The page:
BYOB TV Show episode six teaches contestants tough lessons on customer service

After a tension-filled episode last week and Sue Mueni’s eviction, this week was bound to be a little calmer right? Wrong! My expectations from the contestants this week were high, given the challenges they have already gone through, and I secretly hoped they’d be given some sort of a break. But that is not the way of reality TV.

The episode began at Big Square, where the contestants met the CEO, Morne Deetlefs. The theme of the week was customer service. It is the backbone of Kenya’s service industry and a key focus for the fast-growing retail food chain.

The challenge was to create, sell and market a Valentine Burger for a day at USIU-Africa, with a focus on customer service. The teams had to design and set up a stand at the campus to sell the special burger – the catch being that they also had to make a 55% gross margin.

They would then be judged on four key areas: service delivery, quality of customer experience, chances of repeat business and number of burgers sold.

Viney led the Foodies team, which also had Susan and David. The Burger Meets Love (BML) team had Safe Joe and Valentine, with Lynette as the leader.

The Founder of Game Changer Marketing Agency and PR guru Patricia Mbatia was the week’s mentor and she seems to have struck the right chord with the contestants, in particular David who described her as warm and motherly.

The teams were given samples to try out so as to design their own burgers and toppings. The Foodies faced their first hurdle – what they thought was a brilliant idea to have heart-shaped burgers was turned down by the chef, because Big Square’s signature is its unique square burgers.

The Foodies set up outside the auditorium in USIU to take advantage of the hungry students who were attending a function for Black History Month.

But what would have been a great opportunity to sell turned out not to be, with the 650 bob price tag for a combo including a burger, fries and soda, ending up being too high for the students.

At this point it became clear that Susan was not crazy about Viney’s leadership style. The clash of personalities however didn’t stop Viney from pressing on with her ideas, and she went ahead to strike a deal with the Chairperson of the Black History Month who needed team Foodies’ PA system to score traffic to his event.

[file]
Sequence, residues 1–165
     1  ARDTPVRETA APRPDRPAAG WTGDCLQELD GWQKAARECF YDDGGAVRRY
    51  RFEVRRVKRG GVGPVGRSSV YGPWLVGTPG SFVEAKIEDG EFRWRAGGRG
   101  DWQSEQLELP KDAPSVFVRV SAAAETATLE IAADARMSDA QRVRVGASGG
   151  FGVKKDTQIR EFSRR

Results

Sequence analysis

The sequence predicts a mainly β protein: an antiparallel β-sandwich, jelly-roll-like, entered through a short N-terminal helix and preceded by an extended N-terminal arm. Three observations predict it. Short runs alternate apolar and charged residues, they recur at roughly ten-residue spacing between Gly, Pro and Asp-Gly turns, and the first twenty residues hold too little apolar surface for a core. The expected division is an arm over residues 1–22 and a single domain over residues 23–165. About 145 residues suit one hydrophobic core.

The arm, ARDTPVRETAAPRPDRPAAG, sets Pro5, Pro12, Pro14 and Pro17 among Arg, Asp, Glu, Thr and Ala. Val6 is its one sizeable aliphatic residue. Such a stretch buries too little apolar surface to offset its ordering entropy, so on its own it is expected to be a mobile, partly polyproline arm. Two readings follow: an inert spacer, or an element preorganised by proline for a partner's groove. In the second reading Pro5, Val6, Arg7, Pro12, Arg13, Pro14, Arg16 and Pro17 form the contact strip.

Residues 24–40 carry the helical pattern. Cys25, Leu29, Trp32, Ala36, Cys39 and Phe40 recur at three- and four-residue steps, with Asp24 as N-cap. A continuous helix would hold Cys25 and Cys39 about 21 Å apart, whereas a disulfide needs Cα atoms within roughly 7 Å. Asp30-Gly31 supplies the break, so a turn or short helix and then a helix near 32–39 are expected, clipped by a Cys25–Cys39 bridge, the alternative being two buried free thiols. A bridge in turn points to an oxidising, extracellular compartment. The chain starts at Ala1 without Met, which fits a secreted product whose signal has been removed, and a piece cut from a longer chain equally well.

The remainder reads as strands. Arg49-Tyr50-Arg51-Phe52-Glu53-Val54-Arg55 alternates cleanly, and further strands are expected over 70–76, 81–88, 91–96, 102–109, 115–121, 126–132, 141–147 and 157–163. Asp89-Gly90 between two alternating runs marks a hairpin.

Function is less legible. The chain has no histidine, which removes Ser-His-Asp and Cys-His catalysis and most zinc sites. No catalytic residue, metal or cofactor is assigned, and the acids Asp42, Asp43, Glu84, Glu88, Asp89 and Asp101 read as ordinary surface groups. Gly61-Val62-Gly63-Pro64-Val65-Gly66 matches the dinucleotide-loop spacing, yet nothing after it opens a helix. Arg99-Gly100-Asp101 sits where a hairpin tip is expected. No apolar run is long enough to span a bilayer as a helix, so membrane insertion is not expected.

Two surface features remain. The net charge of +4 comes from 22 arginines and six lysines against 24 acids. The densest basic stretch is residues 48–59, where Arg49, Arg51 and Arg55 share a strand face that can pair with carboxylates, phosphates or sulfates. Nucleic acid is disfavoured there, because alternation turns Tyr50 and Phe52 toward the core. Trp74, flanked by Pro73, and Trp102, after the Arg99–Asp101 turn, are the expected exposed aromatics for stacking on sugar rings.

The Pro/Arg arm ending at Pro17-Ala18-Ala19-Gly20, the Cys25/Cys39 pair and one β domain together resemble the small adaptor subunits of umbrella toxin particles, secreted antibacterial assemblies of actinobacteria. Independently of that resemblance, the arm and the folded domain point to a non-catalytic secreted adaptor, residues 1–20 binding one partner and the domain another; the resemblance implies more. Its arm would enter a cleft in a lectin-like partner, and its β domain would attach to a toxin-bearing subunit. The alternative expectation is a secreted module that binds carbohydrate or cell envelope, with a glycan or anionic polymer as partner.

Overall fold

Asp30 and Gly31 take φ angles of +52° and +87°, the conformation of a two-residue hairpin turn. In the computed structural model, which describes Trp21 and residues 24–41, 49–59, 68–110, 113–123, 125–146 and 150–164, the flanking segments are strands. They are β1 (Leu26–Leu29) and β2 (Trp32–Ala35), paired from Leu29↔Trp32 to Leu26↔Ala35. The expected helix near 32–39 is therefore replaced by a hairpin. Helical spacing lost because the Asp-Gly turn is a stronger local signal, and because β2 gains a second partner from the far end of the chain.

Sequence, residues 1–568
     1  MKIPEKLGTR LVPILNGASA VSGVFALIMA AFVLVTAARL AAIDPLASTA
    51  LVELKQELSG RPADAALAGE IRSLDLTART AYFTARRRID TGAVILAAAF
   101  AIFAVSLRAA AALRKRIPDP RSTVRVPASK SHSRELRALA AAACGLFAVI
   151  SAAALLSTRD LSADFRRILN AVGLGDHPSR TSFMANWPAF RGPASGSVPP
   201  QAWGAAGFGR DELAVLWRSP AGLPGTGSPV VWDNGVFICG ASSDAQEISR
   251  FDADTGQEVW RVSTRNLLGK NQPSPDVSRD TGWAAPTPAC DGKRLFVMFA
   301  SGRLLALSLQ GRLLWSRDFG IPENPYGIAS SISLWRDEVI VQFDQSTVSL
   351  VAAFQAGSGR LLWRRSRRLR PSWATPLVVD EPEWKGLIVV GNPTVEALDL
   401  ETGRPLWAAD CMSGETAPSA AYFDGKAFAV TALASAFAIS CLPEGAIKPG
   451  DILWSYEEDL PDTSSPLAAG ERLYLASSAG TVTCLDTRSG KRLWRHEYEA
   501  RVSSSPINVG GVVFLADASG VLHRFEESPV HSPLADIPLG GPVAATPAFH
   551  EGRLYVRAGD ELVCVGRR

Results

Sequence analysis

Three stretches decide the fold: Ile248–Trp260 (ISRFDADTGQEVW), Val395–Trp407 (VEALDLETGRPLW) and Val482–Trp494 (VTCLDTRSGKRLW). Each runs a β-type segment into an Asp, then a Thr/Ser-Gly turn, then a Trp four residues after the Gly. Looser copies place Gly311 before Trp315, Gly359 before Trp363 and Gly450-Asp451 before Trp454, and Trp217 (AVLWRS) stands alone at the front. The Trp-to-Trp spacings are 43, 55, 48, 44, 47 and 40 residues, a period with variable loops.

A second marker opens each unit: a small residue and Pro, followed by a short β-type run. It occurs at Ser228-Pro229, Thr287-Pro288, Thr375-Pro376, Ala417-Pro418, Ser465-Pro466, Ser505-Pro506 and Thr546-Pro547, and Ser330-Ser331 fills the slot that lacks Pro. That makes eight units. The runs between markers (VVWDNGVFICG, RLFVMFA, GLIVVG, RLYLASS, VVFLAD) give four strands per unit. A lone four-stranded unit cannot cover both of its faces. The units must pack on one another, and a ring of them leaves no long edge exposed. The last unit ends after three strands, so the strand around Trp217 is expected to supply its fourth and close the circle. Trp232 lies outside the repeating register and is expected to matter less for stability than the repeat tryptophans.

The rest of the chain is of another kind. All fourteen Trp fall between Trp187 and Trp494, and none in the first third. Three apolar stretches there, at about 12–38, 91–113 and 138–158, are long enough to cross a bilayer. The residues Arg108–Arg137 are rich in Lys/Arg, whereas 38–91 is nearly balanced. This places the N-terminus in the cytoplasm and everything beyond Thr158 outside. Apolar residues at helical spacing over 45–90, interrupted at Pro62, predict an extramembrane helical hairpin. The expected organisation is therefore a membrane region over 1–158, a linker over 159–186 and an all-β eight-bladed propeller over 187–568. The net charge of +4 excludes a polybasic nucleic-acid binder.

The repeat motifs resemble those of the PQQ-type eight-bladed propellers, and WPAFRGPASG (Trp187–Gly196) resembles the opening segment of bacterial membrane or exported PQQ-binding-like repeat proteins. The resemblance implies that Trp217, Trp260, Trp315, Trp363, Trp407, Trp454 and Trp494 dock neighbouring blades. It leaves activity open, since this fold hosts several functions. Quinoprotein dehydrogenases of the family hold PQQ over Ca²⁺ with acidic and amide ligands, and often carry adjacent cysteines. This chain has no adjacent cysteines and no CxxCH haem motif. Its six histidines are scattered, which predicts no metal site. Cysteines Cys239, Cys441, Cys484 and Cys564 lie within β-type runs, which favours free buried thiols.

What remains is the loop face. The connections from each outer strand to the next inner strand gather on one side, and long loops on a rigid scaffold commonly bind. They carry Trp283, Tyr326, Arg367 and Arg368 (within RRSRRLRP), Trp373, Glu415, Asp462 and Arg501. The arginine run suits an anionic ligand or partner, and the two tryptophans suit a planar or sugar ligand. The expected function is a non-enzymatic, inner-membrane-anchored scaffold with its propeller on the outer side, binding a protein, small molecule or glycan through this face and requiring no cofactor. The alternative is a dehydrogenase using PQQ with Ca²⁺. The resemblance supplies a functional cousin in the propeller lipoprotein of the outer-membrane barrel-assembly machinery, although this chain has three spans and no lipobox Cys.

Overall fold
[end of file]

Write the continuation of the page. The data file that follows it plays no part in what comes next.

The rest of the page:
According to Viney’s calculations, more foot traffic for him meant more customers for the Foodies, but it looked like it just wasn’t their day because this deal did not work in the team’s favour.

Meanwhile BML had set up outside the student centre, and had even included some live entertainment to draw the crowds in. But trouble began when team leader Lynette forgot to leverage on her team members’ skills to get the job done. Rather than focus on the food (she does runs a catering business after all) and let Safe Joe (the music guy on the team) handle the music she decided to send Joe to pick the food while she remained behind – never mind that Safe Joe would probably have been more valuable if he focused on working the crowd’s appetite using music.

You could actually sense the panic in both teams: Viney got a reality check when one customer pointed out how ridiculous their prices were (the judges later pointed out, the price was six times the price of the competitor’s burger); deliveries for both teams took way longer than expected and the inevitable delays cost them valuable time.

But it’s in situations like these that people shine: David from the Foodies liked his product so much he sold five at Garden City Mall! Too bad his passion didn’t translate into a win for the team because they fell short – really short – of their target of 200 burger sales. They only did 20. Yikes!

BML did not do much better despite their more modest target of 75: they only sold 25 burgers. Who knew that selling burgers to college students could be this difficult? Add to that the fact that both teams had to reimburse Big Square for the unsold units – food must not be wasted people: it must be sold, and customer service plays a big role in how much you can sell a product even if its pricing is slightly higher than what the average customer would ordinarily pay.

This week both teams got caned by the judges, whose overall verdict was the performance was way below par. Judge TK had a problem with the teams’ strategies and tactical approach. Their failure to handle role delegation and pricing well led to low scores for both, with BML just scraping by to win at 39 points, ahead of Foodies’ 35.

This week nobody was safe: Caroline had them all “mulikaing” each other by asking them to name who they held accountable for their loss, and let me tell you, the only loyalty there was to self.

By the time Lynette and Viney were being eliminated I was on the edge of my seat! At least they didn’t leave empty handed, with both receiving business support and KES.160,000 from BLAZE to go towards their future business endeavors.

Four contestants remain standing: who will be next?

We’ll be tuned into the show on KTN this Monday from 8.00pm to 9.00pm to see who walks out of this blazing inferno.